Long-Lost Continent Was Unearthed in Canada

Geologists have discovered recently proof of the North Atlantic Craton. Their finding represents a long-lost continent on the northeastern territory of Canada. The North Atlantic Craton was once part of an area from modern-day Scotland to Labrador.

The old continent made many parts of the Earth’s continental crust before such information could no longer be found in the annals of time.

A group of geologists from Canada discovered the long-lost continent after examining some samples of diamond rocks from the Baffin Island. They studied the kimberlite rocks that have appeared millions of years ago at approximately 140 to 400 kilometers underneath the ground.

Kimberlite could be found to the surface due to a combination of chemical and geological processes. And more significantly, they sometimes carry diamonds within them. Kimberlites have also been dubbed as subterranean rockets that deliver “passengers” on their way up. Those so-called “passengers” represent a solid bunch of wall rocks.

Geologists found a long-lost continent in Canada

Kimberlites also transport lots of vital info about the underneath conditions of our planet over time. The rocks are so intriguing because they have an odd mineral composition. The North Atlantic craton stones matched a similar unique structure.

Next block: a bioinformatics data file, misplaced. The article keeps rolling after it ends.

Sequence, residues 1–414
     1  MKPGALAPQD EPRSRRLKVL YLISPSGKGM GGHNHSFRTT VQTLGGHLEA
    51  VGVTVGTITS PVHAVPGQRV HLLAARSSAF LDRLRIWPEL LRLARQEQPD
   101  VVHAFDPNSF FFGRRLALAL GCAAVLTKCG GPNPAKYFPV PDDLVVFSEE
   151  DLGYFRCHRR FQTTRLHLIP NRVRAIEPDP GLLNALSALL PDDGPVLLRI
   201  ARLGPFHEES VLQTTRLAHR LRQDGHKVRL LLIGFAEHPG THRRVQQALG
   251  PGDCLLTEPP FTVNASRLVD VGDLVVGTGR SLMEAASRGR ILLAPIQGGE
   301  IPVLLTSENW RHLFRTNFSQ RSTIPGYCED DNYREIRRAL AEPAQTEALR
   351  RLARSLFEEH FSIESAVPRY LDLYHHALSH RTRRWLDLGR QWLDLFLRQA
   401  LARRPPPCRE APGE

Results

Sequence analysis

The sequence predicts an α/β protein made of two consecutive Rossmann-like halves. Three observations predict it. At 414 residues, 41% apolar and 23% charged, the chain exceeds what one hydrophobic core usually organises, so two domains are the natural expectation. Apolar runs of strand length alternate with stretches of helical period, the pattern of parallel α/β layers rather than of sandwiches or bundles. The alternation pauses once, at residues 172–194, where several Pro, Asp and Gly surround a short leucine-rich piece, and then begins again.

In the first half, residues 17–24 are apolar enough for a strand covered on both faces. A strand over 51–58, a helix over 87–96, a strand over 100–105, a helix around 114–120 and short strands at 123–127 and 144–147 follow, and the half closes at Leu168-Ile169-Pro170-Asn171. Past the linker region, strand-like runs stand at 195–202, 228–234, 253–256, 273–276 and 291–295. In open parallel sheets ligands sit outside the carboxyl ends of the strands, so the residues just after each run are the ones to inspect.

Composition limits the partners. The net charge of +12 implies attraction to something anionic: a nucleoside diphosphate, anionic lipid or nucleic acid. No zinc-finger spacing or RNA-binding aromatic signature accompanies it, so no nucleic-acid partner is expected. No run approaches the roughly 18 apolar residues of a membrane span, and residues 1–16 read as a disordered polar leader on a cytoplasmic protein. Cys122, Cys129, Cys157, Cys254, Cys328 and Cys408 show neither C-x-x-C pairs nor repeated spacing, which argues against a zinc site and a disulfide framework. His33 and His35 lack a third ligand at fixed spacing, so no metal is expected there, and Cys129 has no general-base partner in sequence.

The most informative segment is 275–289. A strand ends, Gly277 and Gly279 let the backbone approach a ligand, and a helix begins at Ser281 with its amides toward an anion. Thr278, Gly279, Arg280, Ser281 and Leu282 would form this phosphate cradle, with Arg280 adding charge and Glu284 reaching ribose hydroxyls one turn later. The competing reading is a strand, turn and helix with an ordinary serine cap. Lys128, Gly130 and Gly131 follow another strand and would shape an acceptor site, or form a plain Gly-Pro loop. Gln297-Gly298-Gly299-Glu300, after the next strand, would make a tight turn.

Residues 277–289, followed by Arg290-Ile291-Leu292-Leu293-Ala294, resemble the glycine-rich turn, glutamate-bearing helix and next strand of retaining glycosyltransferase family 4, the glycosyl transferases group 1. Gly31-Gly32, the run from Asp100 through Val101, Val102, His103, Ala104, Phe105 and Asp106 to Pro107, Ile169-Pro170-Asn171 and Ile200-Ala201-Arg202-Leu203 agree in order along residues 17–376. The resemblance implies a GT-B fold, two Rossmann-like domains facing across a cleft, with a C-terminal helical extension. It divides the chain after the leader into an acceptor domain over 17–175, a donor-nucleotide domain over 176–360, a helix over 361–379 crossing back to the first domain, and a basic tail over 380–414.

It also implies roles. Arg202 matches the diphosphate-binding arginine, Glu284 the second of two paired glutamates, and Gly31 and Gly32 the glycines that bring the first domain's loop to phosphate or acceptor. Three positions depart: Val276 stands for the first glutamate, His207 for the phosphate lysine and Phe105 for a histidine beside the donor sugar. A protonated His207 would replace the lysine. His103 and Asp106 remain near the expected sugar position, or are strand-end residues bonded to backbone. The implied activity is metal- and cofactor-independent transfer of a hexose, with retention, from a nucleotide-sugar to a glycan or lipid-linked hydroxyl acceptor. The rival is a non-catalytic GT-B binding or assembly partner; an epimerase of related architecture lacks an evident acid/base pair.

The way geologists tied all the pieces together was effortless. The old cratons in Northern Canada, Ontario, Quebec, and Nunavut display some of an essential mineralogies.

In geology, cratons are estimated to be approximately billion-year-old fragments of Earth’s continental crust. Professor Maya Kopylova, a geologist from the University of British Columbia, explained: “With these samples, we’re able to reconstruct the shapes of ancient continents based on deeper, mantle rocks.”

Approximately 175 million years ago, Earth’s continents were all connected into an only landmass, dubbed Pangea. The super-continent itself resurfaced nearly 335 million years ago when smaller continents joined.

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